New York Court Declines to Dismiss LC Dispute

New York County’s Supreme Court has rejected an Indian issuing bank’s motion to dismiss a complaint regarding an LC dispute. Among its findings, the Court determined that the bank’s pursuit of another action pending in India concerns the underlying sales contract and none of that evidence would be needed to determine whether the bank was in breach of UCP600 under the LC.

To support an underlying sale of ships to be scrapped for metal, Indian Overseas Bank (Issuer) issued a UCP600 letter of credit for USD 1.2 million in favor of a UAE beneficiary. Dubai-based NoorBank (Advising Bank/Presenting Bank) served beneficiary as advising and presenting bank. MashreqBank PSC, New York Branch (Confirming Bank) added its LC confirmation and Wells Fargo, N.A., New York Branch (Reimbursing Bank) planned to reimburse Confirming Bank on behalf of Issuer following a complying presentation.

Issuer later “authorized” Confirming Bank to negotiate the LC and Advising Bank/Presenting Bank forwarded documents to Confirming Bank and “represented that they were timely presented and compliant with the LC’s terms and conditions.” Subsequently, at the request of Confirming Bank, Advising Bank/Presenting Bank “confirmed the authenticity of the documents.” As the documents allegedly complied, Confirming Bank negotiated and paid the LC value to Advising Bank/Presenting Bank “pursuant to the LC.”

Thereafter, Confirming Bank turned to Reimbursing Bank, which indicated that Issuer had not authorized reimbursement. Confirming Bank contacted Issuer which claimed discrepancies in the presented documents. When Confirming Bank disputed this, Issuer apparently raised irregularities outside the documents regarding the underlying sale of ships. After Issuer commenced an action with the beneficiary in the High Court of Gujarat, India, Confirming Bank sued Issuer in New York alleging breach of contract, breach of UCP600 and fraud. Issuer sought dismissal of the New York action based on lack of subject matter and personal jurisdiction, forum non conveniens and another action pending.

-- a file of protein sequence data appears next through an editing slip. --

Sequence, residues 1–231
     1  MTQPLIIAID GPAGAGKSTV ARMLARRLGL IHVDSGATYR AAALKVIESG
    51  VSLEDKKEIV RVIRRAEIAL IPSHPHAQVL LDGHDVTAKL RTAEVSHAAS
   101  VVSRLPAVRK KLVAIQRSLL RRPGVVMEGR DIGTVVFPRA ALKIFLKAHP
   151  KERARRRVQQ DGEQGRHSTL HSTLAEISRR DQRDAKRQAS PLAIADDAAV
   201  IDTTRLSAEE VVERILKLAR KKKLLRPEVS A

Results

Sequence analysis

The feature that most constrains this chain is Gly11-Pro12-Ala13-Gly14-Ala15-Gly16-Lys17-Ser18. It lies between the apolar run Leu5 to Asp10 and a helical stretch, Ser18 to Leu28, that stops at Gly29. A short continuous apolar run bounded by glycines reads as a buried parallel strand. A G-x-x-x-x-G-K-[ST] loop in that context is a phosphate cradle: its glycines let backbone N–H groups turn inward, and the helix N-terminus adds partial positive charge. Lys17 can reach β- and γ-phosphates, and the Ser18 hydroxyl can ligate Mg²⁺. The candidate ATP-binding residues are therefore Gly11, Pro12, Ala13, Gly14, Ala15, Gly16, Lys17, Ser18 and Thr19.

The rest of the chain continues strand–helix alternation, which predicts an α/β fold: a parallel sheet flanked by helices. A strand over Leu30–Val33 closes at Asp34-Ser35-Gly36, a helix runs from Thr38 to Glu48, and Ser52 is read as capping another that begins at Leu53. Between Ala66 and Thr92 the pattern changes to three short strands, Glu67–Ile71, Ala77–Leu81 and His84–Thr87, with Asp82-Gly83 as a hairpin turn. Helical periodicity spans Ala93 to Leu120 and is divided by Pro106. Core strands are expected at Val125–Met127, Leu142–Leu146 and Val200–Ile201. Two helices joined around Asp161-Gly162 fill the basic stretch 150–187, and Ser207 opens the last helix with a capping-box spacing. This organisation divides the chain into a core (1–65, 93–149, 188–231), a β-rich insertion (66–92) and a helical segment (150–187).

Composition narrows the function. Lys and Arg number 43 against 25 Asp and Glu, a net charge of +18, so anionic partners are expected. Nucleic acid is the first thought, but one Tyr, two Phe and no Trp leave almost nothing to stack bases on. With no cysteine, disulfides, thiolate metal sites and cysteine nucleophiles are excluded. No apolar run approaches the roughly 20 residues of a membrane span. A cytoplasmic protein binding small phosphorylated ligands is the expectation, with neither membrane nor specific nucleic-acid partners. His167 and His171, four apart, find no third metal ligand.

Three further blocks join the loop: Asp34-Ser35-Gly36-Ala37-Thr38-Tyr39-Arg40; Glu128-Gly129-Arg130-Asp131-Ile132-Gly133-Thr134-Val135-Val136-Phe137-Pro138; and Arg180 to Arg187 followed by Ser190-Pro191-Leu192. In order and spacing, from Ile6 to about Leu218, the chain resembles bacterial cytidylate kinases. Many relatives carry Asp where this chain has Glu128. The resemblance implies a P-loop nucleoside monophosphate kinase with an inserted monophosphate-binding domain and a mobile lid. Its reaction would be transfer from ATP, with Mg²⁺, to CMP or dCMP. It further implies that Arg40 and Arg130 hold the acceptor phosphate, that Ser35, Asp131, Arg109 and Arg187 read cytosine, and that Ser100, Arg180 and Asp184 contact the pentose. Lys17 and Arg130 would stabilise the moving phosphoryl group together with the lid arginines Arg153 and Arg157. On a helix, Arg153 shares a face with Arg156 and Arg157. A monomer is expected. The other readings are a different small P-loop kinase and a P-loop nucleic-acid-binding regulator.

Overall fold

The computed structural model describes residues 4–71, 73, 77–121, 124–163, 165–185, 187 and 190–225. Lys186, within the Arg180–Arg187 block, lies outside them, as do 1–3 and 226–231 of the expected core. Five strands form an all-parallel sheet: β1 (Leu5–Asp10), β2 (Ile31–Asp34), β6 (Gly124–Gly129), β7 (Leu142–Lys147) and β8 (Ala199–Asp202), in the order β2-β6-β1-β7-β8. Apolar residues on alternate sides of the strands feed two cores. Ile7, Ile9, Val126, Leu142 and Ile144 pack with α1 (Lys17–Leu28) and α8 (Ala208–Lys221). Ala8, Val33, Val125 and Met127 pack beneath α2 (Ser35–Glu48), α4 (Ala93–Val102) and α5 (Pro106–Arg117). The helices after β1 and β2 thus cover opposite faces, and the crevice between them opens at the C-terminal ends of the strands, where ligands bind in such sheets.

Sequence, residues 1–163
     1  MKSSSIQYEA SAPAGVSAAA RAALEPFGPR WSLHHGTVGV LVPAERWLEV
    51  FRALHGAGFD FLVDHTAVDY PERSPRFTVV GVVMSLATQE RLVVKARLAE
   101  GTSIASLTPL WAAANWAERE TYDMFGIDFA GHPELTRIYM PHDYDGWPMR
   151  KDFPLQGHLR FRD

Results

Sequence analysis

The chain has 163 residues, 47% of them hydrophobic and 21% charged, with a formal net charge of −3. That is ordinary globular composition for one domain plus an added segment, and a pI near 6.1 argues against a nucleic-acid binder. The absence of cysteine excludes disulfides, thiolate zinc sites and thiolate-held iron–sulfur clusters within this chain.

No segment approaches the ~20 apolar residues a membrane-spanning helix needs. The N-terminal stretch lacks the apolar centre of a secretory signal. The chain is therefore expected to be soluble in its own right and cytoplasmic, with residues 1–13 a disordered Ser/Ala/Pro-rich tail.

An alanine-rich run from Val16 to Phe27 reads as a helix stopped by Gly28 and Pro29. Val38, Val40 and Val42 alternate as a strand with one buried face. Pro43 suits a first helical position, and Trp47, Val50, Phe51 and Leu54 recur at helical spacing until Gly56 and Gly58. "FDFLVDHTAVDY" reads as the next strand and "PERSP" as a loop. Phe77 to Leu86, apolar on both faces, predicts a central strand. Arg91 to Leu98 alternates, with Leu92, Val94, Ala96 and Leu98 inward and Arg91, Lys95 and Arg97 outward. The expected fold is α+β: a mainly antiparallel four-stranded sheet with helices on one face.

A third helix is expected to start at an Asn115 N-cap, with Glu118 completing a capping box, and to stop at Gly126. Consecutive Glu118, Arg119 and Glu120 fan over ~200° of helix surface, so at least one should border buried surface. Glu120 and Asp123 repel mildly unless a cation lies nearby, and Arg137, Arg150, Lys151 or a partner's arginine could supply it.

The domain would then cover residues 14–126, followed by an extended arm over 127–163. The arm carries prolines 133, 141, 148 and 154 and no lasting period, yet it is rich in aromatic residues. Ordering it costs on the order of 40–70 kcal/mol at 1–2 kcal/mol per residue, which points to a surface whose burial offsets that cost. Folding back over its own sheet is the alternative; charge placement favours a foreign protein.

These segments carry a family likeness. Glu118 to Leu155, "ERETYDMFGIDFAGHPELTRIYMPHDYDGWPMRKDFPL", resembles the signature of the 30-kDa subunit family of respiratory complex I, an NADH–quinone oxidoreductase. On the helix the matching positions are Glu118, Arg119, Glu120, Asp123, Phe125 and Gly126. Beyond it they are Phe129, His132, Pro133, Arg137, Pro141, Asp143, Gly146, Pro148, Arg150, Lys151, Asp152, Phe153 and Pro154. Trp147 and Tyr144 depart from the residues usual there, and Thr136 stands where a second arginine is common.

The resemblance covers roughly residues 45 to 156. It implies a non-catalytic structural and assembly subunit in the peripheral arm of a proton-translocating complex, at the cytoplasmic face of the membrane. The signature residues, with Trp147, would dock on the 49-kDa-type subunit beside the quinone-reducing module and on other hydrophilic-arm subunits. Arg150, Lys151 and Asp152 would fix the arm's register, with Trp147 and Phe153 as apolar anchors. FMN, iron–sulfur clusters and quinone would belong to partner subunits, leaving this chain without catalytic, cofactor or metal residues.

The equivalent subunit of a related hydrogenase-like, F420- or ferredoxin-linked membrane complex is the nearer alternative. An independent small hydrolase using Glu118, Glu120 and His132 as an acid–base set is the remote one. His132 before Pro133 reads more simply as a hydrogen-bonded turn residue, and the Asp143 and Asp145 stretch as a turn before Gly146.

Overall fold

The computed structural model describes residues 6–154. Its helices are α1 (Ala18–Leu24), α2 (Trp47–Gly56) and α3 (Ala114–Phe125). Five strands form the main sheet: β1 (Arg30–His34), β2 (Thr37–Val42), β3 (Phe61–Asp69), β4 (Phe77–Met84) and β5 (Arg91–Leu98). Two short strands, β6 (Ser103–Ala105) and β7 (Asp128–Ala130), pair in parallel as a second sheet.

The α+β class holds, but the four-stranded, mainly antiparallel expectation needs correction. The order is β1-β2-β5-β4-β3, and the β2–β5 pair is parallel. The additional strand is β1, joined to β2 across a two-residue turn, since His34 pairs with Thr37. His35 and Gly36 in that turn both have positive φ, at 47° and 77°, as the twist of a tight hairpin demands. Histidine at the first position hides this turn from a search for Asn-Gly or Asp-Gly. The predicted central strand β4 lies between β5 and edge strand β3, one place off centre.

In the Judge’s memorandum decision, No. 656179/2020, slip op. (N.Y. Sup. Ct. Mar. 1, 2022) [USA], subject matter jurisdiction was met as New York courts regularly handle LC disputes; personal jurisdiction was satisfied as Issuer had purposefully engaged sufficient minimum contacts within the forum state (i.e. a NY-based correspondent account and reimbursement agreement) and was not merely “banking by happenstance”.

The forum was appropriate because any burden on Issuer to litigate in New York was alleviated by modern communications and travel and, importantly, a “repudiation of a contractual obligation to be carried out in New York is a significant nexus between the case and the forum”.

Ultimately, the Judge denied the motion to dismiss, ordered Issuer to file a timely answer to the compliant, and set a date for a virtual preliminary conference.

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